Pentagon’s Digital Vulnerability Hunt Exposes Flaws in Contractors’ Systems
A private research team hired by the Department of Defense to identify digital vulnerabilities among contractors found hundreds of flaws over the course of its one-year investigation, an official at the Pentagon’s Cyber Crimes Center revealed. Melissa Vice, chief operations officer at the vulnerability disclosure program, said the digital bug hunt “discovered some 400 issues across dozens of companies,” C4ISRNET reported Wednesday.
Cybersecurity company HackerOne was chosen to carry out the hunt for vulnerabilities. Vice said that her office has long recognized the benefits of employing crowdsourced ethical hackers to add defense-in-depth protection to the DOD’s information networks.
The DOD official said the pilot was intended to identify whether critical and high-severity vulnerabilities existed on small-to-medium cleared and non-cleared defense industrial base companies. She added that of particular interest were firms whose operations could potentially endanger critical infrastructure and the American supply chain.
Vice expressed alarm over the findings because the companies that were tested constituted only a small fraction of the DOD’s pool of private-sector contractors. She did not disclose the companies that were found to have digital vulnerabilities.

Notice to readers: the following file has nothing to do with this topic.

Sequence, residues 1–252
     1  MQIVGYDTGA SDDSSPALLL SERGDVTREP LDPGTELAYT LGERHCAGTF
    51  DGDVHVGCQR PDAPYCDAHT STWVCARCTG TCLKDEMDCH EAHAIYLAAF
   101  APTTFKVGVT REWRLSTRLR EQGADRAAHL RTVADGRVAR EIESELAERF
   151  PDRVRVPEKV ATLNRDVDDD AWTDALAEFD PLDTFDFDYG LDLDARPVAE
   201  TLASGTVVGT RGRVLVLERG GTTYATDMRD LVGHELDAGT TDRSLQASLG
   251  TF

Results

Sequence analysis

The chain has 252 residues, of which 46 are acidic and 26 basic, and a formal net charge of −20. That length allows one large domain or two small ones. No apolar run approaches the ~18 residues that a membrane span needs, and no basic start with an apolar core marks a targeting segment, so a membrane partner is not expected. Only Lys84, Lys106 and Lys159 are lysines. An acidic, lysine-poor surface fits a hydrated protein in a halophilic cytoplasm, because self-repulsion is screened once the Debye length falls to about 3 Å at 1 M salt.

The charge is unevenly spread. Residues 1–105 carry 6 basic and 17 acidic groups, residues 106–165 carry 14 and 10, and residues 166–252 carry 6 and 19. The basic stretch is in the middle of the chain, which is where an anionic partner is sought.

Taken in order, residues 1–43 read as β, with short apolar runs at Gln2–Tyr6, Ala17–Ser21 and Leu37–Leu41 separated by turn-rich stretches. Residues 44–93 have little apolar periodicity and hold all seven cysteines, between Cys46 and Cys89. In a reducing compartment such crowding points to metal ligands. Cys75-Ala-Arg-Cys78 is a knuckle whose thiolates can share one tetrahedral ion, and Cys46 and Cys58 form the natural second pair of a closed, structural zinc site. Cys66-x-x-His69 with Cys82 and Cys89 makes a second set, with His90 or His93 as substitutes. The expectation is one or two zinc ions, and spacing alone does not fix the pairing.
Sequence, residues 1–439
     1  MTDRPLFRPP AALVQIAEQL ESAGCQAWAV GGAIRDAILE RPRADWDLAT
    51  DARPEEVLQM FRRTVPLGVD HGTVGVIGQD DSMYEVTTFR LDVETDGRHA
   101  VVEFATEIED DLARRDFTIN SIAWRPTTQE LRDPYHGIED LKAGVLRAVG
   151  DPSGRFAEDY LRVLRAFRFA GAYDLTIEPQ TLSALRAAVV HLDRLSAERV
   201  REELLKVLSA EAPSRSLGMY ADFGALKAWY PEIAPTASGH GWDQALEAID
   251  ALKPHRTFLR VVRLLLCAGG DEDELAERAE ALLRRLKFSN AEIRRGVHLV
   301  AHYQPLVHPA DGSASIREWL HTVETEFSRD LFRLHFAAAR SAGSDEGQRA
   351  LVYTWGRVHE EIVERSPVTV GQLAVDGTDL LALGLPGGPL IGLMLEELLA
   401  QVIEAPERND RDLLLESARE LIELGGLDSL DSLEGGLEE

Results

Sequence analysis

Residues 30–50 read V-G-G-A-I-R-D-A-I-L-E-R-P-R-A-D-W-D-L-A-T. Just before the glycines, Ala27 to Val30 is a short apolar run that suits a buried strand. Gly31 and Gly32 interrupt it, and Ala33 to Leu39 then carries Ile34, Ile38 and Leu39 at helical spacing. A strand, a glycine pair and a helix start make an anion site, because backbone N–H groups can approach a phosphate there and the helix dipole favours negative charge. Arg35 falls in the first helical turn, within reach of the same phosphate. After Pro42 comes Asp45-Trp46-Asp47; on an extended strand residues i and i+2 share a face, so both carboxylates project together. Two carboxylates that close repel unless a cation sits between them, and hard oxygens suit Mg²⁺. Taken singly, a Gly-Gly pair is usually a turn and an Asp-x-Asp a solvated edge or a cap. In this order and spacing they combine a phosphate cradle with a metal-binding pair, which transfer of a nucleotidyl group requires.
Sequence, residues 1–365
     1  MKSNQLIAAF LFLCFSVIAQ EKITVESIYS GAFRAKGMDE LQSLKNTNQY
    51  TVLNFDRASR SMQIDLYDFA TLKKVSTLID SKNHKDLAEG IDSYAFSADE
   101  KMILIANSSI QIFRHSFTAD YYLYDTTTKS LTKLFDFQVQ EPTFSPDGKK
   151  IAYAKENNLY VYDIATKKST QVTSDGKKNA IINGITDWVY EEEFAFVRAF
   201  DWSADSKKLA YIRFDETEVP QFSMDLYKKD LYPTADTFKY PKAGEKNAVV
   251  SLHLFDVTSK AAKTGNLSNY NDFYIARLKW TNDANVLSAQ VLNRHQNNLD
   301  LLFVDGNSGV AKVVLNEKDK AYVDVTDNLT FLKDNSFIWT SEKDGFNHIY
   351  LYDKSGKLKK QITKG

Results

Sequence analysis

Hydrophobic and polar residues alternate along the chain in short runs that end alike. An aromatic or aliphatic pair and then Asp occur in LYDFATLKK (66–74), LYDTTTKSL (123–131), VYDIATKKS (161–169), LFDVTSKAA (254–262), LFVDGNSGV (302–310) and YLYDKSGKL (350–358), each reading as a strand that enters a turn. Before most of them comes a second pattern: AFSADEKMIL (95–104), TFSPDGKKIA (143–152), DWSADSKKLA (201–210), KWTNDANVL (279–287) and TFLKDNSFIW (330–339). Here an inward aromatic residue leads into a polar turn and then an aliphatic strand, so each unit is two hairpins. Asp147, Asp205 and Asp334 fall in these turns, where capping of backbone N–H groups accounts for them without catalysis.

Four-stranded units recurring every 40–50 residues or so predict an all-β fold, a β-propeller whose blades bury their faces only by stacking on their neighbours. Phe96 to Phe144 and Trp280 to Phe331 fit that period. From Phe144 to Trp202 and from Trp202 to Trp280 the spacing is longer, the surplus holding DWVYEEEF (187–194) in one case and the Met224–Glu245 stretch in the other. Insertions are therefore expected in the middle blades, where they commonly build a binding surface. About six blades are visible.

For his part, Alex Rice, the co-founder and chief technology officer of HackerOne, said while every organization should prioritize securing their software supply chain, it is even more critical for federal agencies that protect national security. He said that HackerOne is currently the DOD’s primary source for vulnerability testing.
Meanwhile, the DOD Cyber Crime Center said penetration and vulnerability testing will continue because it improves network defenses and promotes proactive cyber management.
Tags: C4ISRNET contractors cyber vulnerabilities cybersecurity Department of Defense HackerOne